The environment is especially marvelous during this COVID-summer – spacious rooms, delightfully air-conditioned, with demarcations for six-feet separation and capacity limited to 700 (you should pre-book your tickets online). This is a great year for a family to purchase an unlimited membership ticket ($125 for a family of four), and come frequently. There is so much to see and absorb, you are always seeing and learning new things.
The Cradle of Aviation Museum & Education Center is home to over 75 planes and spacecraft representing over 100 years of aviation history and Long Island’s only Giant Screen Dome Theater. The museum is located on Museum Row, Charles Lindbergh Blvd., in Garden City. Call (516) 572-4111 or visit www.cradleofaviation.org.
Cradle of Aviation Museum is part of Museum Row, which also includes the Long Island Children’s Museum, the Nassau County Firefighter’s Museum, and when it reopens the Nunley Carousel, which dates from 1912.
Nassau County Museum of Art Reopens with “Blue”
The Nassau Museum re-opened July 8 with a spectacular new exhibition that includes work by Picasso, Matisse, Miro, Helen Frankenthaler, Yves Klein and many other major artists. A new timed ticketing and touch-free entry system, along with safety protocols, ensure the safety and comfort of visitors. The Museum is limiting capacity and using signage and staff monitoring to make sure distancing is observed, and has instituted a new cleaning regimen as well as health screening for staff and volunteers.
The innovative new show boldly ventures into the many meanings of the world’s most popular color: Blue. It includes several important artists of our time, including Jeffrey Gibson, Mark Innerst and Sean Scully. It brings together a wide range of media, from sculpture, paintings, prints, photographs and watercolors through ceramics (including Moroccan tiles, Chinese Ming porcelain, Turkish vessels and Japanese claire de lune porcelain), textiles and even a United Nations helmet.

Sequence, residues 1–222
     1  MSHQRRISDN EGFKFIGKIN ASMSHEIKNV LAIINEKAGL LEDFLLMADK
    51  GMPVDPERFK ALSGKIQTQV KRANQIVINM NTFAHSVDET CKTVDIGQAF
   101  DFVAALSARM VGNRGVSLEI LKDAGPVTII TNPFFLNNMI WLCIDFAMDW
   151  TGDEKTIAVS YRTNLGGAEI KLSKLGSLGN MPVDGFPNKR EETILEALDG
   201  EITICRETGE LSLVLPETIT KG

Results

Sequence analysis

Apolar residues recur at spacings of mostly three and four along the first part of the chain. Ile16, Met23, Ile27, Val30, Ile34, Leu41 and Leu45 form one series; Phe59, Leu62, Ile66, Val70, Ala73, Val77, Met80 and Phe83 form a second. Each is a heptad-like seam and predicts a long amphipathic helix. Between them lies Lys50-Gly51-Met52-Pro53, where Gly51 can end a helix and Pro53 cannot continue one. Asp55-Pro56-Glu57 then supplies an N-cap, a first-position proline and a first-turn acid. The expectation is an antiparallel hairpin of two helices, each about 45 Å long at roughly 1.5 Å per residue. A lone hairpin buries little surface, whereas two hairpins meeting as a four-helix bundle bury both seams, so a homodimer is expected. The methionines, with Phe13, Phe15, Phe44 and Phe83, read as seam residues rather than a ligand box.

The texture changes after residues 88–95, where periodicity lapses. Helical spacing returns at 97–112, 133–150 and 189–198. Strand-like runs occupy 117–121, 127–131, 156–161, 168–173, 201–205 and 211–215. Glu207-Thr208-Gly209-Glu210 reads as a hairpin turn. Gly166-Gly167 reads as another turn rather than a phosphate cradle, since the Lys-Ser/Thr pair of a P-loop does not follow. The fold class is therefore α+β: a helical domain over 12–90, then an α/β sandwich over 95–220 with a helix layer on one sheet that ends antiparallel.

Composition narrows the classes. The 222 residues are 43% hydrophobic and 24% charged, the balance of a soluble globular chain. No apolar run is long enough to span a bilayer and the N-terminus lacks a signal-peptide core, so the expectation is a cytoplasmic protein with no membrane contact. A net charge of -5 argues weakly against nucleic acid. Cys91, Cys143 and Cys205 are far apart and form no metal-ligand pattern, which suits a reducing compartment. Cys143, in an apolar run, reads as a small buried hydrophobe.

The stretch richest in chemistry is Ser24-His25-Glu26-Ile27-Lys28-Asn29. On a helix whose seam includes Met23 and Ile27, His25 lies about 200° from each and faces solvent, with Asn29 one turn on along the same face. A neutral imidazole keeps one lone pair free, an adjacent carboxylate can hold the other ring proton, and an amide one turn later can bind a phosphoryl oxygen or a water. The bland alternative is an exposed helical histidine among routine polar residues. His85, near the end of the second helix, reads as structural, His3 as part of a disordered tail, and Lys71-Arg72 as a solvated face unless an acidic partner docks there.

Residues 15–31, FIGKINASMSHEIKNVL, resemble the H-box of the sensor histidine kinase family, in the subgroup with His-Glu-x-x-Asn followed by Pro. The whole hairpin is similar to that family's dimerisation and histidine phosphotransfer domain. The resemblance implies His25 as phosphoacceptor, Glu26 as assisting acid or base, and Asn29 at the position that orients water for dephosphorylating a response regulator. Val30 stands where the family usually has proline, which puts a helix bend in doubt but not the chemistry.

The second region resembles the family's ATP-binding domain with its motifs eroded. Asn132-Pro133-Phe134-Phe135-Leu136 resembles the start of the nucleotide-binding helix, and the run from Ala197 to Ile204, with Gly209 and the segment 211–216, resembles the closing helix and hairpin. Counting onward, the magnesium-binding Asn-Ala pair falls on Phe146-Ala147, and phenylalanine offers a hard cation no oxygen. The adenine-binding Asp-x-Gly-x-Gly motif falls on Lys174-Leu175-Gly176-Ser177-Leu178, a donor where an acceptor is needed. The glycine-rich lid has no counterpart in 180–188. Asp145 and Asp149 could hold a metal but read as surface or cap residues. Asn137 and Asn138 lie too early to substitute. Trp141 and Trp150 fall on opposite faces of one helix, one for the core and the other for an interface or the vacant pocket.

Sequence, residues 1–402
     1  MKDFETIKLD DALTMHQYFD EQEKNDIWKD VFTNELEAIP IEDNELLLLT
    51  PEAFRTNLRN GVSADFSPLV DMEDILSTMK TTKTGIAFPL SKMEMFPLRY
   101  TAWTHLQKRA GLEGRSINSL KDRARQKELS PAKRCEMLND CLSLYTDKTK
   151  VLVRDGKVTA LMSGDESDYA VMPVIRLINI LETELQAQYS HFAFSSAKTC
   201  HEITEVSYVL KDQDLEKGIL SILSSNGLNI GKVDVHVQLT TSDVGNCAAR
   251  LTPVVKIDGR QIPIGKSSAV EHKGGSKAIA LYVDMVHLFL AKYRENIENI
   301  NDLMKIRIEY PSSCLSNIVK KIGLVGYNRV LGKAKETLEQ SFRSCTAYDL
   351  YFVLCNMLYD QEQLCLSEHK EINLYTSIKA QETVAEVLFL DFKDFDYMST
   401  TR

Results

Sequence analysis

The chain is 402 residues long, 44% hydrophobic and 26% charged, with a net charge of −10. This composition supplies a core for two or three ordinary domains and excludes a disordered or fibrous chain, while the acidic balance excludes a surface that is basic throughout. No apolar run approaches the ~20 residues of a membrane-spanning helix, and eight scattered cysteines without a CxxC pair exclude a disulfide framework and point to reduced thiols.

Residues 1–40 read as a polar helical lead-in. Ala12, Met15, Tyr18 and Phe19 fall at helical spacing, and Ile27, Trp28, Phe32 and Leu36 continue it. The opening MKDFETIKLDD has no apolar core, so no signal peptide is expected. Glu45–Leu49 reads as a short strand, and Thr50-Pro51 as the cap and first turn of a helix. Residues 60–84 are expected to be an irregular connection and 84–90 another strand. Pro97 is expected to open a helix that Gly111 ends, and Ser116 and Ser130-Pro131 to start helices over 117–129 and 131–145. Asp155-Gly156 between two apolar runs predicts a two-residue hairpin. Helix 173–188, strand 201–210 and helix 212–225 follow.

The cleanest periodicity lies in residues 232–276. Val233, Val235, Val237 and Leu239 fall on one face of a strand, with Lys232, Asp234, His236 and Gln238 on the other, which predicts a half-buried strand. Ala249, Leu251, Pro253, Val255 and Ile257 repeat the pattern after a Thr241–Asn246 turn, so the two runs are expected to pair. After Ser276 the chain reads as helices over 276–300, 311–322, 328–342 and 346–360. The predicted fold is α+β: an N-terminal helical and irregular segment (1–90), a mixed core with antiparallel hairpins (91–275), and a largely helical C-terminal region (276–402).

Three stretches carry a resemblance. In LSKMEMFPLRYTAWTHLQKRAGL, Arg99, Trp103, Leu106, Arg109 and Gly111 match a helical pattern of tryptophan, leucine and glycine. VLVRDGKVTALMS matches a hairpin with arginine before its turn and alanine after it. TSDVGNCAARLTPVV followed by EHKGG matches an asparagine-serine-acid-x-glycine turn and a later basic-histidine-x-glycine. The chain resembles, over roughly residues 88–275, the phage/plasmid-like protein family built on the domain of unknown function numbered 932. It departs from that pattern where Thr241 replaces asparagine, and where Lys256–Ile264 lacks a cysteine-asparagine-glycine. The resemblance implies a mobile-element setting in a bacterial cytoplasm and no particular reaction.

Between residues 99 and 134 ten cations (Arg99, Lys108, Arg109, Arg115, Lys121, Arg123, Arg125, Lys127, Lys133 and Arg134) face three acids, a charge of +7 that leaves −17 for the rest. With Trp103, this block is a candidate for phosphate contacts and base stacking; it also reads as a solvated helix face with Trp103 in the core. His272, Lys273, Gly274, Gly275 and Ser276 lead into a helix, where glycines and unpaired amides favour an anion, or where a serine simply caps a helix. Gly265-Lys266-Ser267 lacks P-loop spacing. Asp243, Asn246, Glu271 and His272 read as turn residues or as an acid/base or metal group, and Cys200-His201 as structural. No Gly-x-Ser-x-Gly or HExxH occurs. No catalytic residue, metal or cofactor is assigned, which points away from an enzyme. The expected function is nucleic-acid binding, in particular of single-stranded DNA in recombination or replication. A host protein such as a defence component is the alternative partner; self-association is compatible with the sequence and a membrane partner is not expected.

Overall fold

Programming for the show, both online and in person, includes a specially commissioned ballet by the artist Han Qin, a concert of works specially composed for the art in the show, lectures and a director’s seminar series.
The Museum’s magnificent grounds (officially known as the William Cullen Bryant Preserve) have remained open to the public– including outdoor sculpture garden collection of nearly 40 pieces by 24 sculptors, created over the past 100 years, from 1913 to 2018, set throughout its 145 acres of fields, woods, ponds, and formal gardens, and its nature trails.
Celebrating its 30th year, Nassau County Museum of Art, One Museum Drive, Roslyn Harbor, is open Tuesday-Sunday, 11 a.m.-4:45 p.m. Admission is $15 for adults, $10 for seniors (62 and above) and $5 for students and children (4 to12). Visitors are urged to buy their timed tickets in advance online at nassaumuseum.org, 516-484-9338.
Long Island Aquarium has made changes to its operation for the safety of guests, staff and animals (Touch Tanks, animal feeding, encounters, Shark Dives have been suspended). In lieu of a Sea Lion Show, there is a Sea Lion feed and training session, with social distancing in the stands.. Visitors and staff must wear a face mask or covering (masks can be purchased); hand-sanitizers throughout, six-feet social distancing separation will be maintained, including a one-way path through the property. Guests can walk through the Aquarium, enjoying the indoor habitats, to get to the outdoor habitats such as the Penguin Pavilion, Otter Falls, Sea Lion Coliseum. Outdoor dining and retail shops have reopened. Operating at a reduced guest capacity, all members of your party must pre-pay admission and reserve a time slot prior to your visit (https://www.longislandaquarium.com/purchase-tickets/pricing/) (431 East Main Street, Riverhead NY 11901, 631-208-9200, ext 426, www.longislandaquarium.com).